Gee, thanks. The eyebolt thing is kind of iffy. If the ground is uneven they won't line up and they'll leave a slight gap between end to end panels. Heavy cable ties (zip ties) would work to bind panels together rather quickly. If you use the black ones they are UV resistant and won't turn brittle in the sun. The heavy ones that are 1/4" wide and a foot to 18" long are almost indestructable and will really pull two panels together if pulled tight with pliers.
     
    Last edited by a moderator: Aug 26, 2007
  5. greginshasta

    greginshasta Chillin' With My Peeps

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    Jul 26, 2007
    Mount Shasta, CA
    Quote:Mac, what about using lock hasps for these corner connections?

    [​IMG]

    You could insert a wooden wedge-shaped pin for a tighter fit.
     
  6. WoodlandWoman

    WoodlandWoman Overrun With Chickens

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    May 8, 2007
    Wisconsin
    My suggestion would be to decide what you want to use for wire and find out what roll widths are available in your area, before you make the final decision on where you want to place your studs.

    In a perfect world, you could get a 6' wide roll of exactly the type of wire you want to use and just run it horizontally. Sometimes you need to work with a 3' or 4' wide roll, for example. You can run wire either horizontally or vertically. It just depends on how you want to do it. With a narrower roll run horizontally, then you'd want a horizontal brace to nail to. Run vertically, you'd want the studs placed so that the wire edges fall on them, for attachment.

    I hope this makes sense! [​IMG]
     
  7. Mac in Wisco

    Mac in Wisco Antagonist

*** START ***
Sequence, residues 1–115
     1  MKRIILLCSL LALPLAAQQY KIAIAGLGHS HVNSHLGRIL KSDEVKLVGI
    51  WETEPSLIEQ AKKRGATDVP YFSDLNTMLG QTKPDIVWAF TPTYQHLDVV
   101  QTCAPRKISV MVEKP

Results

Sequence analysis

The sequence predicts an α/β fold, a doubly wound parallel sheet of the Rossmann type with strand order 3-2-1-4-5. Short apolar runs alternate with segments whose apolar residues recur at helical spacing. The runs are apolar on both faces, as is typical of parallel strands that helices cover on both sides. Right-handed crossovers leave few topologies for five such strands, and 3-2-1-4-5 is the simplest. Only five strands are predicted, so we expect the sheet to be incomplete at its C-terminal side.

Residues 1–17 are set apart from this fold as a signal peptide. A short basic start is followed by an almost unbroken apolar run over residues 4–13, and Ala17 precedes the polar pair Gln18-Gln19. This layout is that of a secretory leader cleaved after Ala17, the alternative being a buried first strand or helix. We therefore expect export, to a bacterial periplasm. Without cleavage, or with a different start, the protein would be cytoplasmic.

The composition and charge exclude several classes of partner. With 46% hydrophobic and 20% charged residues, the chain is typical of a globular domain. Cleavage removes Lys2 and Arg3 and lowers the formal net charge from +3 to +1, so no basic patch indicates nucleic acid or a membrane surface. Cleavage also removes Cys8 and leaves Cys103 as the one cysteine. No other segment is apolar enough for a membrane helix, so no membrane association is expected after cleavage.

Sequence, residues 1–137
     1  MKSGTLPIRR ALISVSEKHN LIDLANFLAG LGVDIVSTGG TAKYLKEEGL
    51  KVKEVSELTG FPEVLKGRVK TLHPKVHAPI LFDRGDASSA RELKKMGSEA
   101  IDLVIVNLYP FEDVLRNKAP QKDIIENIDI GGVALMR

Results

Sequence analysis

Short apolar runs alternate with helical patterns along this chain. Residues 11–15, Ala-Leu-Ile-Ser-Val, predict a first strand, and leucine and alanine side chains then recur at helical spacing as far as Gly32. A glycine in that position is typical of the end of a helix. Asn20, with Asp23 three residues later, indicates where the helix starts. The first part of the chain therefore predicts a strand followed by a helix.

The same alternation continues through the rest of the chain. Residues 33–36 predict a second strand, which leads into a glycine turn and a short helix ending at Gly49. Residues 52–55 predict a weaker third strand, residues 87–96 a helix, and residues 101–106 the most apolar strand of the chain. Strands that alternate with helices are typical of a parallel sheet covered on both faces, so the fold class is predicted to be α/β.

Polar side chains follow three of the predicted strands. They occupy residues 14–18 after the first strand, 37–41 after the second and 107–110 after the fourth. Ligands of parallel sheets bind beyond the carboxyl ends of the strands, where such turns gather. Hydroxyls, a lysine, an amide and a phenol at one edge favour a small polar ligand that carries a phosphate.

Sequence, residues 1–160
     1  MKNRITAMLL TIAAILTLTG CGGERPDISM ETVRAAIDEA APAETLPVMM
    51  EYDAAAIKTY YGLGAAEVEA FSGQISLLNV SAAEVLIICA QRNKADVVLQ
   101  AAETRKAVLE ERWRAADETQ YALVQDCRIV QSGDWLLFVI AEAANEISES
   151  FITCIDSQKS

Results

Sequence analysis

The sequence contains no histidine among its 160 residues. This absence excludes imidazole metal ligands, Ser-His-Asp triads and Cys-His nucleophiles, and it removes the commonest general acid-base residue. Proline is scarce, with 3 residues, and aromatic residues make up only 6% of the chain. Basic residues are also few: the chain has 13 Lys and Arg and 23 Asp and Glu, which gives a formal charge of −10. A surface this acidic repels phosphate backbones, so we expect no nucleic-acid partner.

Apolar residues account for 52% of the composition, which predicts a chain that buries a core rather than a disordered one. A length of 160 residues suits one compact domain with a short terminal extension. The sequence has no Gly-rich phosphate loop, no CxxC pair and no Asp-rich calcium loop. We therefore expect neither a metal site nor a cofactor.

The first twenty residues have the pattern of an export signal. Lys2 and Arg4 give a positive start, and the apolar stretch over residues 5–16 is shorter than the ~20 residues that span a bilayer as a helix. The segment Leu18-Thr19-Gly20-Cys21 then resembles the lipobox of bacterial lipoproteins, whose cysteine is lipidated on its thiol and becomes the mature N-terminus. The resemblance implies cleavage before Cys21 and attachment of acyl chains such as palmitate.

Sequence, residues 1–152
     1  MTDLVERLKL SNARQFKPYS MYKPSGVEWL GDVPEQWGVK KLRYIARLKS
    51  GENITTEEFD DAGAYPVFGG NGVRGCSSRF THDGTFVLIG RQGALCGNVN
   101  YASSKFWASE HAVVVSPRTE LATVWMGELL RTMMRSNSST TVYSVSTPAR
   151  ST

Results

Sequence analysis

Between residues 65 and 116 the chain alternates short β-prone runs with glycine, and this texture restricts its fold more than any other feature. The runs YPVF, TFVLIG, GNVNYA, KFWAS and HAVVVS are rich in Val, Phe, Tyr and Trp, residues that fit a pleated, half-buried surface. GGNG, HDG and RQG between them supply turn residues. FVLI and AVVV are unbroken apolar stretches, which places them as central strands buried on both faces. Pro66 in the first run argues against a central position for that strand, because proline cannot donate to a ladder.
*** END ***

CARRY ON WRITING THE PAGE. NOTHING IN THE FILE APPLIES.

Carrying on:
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    May 25, 2007
    SW Wisconsin
    Yes, you'd have to modify for the materials at hand. I read that she wanted 6x8 panels, but that may be the overall size of the pen she wants. I would think 4' wide x 6' tall panels with 3 vertical studs would be handy. By keeping the studs on 2' centers you can run 2' or 4' hardware cloth vertically.

    2x2s are 1 3/4" on a side. Whatever height you need just subtract 3 1/2" from what you want the finished height to be to account for the width of the top and bottom plates.

    I was visualizing portable fence sections that would be moved around the yard every now and again, but for a more permanent pen that could be broken down or expanded once in a great while, you can shoot decking screws or lag bolts through the edge of the panels to join them.
     
  8. arlee453

    arlee453 Chillin' With My Peeps

    Aug 13, 2007
    near Charlotte NC
    thanks for the ideas! Now it's off to the lumber yard whenever I get a spare minute this week with the kids back in school and having that ole job that hogs so much of my project and chicken time...
     
  9. arlee453

    arlee453 Chillin' With My Peeps

    Aug 13, 2007
    near Charlotte NC
    I have started the new and improved, larger chicken run to go with the ChickNBarn and yard. I used some of your suggestions along with some ideas gotten from pics on the website.